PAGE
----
MESSAGE OF THE HOLY FATHER
1. For some years 11 February, the day on which the Church commemorates the apparition of Our Lady at Lourdes, has fittingly come to be associated with an important event: the celebration of the World Day of the Sick. The year 2002 marks the tenth such celebration, which will take place at the well-known Marian pilgrimage centre in South India, the Shrine of Our Lady of Good Health at Vailankanny, known as “the Lourdes of the East” (Angelus, 31 July 1988). Sure of the Divine Mother’s unfailing help in their needs, with profound devotion and trust millions flock to this Shrine situated on the shore of the Bay of Bengal amid the calm surroundings of palm groves. Vailankanny attracts not only Christian pilgrims but also many followers of other religions, especially Hindus, who see in Our Lady of Good Health the caring and compassionate Mother of suffering humanity. In a land of such ancient and deep religiosity like India, this Shrine dedicated to the Mother of God is truly a meeting-point for members of different religions, and an outstanding example of interreligious harmony and exchange.
The World Day of the Sick will begin with a moment of intense prayer for all who are suffering pain and infirmity. In this way we will express our solidarity with those who suffer, a solidarity arising from our awareness of the mysterious nature of suffering and its place in God’s loving plan for every individual. The Day will continue with serious reflection and study on the Christian response to the world of human suffering, which seems to grow by the day, not least on account of man-made calamities and unsound choices made by individuals and societies. In re-examining the role and task of Christian health care facilities, hospitals and personnel, this reflection will emphasize and reaffirm the true Christian values which should inspire them. To walk in the footsteps of Jesus, the Divine Healer, who came “that they may have life, and have it abundantly” (Jn 10:10) – the theme of the Day’s reflection – implies an unambiguous stance in favour of the culture of life and a total commitment to the defence of life from conception to natural death.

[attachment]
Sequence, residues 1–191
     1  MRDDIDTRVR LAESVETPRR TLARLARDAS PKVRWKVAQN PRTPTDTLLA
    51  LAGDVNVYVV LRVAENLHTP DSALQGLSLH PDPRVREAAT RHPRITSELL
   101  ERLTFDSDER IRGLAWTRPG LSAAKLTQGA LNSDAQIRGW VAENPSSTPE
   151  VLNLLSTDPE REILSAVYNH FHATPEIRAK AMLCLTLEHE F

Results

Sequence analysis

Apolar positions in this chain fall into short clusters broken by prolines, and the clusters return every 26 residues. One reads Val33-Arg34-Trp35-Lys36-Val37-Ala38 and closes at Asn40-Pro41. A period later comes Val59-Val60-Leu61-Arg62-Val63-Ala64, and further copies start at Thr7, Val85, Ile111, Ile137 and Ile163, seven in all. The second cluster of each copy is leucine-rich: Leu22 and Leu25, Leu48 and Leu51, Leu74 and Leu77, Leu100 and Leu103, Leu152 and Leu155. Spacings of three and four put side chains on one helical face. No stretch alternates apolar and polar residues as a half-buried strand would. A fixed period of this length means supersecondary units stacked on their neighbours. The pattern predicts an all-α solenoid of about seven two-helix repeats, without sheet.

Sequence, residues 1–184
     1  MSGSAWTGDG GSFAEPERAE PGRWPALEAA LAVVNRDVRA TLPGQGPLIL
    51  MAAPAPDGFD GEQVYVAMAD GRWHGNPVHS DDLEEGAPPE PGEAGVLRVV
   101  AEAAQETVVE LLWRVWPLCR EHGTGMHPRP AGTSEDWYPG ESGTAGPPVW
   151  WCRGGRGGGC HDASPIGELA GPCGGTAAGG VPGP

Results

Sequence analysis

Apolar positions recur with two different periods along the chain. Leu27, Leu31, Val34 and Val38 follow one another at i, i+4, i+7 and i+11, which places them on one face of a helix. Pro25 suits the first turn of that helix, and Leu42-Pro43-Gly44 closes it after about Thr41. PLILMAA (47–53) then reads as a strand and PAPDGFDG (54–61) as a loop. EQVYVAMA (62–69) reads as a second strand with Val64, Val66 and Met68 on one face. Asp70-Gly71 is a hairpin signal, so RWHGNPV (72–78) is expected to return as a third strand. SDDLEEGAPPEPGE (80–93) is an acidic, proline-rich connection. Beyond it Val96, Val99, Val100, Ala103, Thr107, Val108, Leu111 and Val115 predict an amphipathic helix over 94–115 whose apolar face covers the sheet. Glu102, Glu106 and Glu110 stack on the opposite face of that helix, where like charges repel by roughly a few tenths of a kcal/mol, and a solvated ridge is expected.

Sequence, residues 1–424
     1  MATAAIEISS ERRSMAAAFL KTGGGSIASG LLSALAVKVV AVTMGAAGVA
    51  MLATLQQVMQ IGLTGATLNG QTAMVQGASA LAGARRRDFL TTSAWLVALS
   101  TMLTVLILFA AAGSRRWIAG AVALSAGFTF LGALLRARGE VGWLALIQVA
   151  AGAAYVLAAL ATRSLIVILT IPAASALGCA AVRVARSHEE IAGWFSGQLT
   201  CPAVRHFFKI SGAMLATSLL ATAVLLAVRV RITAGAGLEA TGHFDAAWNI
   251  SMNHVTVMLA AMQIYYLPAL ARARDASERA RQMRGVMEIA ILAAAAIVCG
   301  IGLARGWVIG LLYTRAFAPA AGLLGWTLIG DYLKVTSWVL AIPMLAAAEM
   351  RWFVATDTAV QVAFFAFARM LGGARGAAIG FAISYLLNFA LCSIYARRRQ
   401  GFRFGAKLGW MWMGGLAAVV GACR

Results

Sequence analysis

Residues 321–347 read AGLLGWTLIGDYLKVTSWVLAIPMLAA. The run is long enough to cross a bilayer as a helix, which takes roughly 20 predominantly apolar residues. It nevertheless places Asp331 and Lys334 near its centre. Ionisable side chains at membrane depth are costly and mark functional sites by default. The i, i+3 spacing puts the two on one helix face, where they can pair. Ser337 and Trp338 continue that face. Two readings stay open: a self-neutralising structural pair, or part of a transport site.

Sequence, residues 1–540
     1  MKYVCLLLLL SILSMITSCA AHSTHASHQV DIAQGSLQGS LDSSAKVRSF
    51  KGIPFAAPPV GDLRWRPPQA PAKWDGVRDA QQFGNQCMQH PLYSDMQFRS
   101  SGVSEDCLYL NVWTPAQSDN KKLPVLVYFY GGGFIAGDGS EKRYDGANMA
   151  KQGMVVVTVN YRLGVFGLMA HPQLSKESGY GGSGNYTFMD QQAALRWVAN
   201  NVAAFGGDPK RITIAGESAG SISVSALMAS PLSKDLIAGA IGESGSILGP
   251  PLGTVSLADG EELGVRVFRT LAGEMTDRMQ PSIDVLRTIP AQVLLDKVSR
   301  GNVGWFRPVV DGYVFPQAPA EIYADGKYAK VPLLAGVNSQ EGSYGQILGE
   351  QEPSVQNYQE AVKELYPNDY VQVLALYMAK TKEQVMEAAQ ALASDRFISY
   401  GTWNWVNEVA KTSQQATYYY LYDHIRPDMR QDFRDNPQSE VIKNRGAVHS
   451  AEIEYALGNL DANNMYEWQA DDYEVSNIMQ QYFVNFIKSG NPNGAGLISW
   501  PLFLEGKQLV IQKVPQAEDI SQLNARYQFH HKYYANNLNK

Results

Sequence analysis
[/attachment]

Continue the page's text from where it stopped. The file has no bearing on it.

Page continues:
2. Seeking new and effective ways to alleviate suffering is a valid quest, but suffering nevertheless remains a fundamental fact of human life. In a way it is as deep as man himself and touches upon his very essence (cf. Salvifici Doloris, 3). Medical research and treatment neither wholly explain nor fully overcome suffering. In its depth and its many forms it needs to be considered from a perspective which transcends the merely physical. The various religions of humanity have always sought to answer the question of the meaning of suffering, and they recognize the need to show compassion and kindness towards all who are suffering. Thus religious convictions have given rise to systems of medicine to treat and cure diseases, and the history of various religions tells of organized health care of the sick practised from very ancient times.
Even though the Church finds much that is valid and noble in non-Christian interpretations of suffering, her own understanding of this great human mystery is unique. In order to discover the fundamental and definitive meaning of suffering “we must look to the revelation of divine love, the ultimate source of the meaning of everything that exists” (Salvifici Doloris, 13). The answer to the question of the meaning of suffering has been “given by God to man in the Cross of Jesus Christ” (ibid., 13). Suffering, a consequence of original sin, takes on a new meaning; it becomes a sharing in the saving work of Jesus Christ (cf. Catechism of the Catholic Church, 1521). Through his suffering on the Cross, Christ has prevailed over evil and enables us too to overcome it. Our sufferings become meaningful and precious when united with his. As God and man, Christ has taken upon himself the sufferings of humanity, and in him human suffering itself takes on a redemptive meaning. In this union between the human and the divine, suffering brings forth good and overcomes evil. In expressing my profound solidarity with all those who are suffering, I earnestly pray that the celebration of the World Day of the Sick will be for them a providential moment opening a new horizon of meaning in their lives.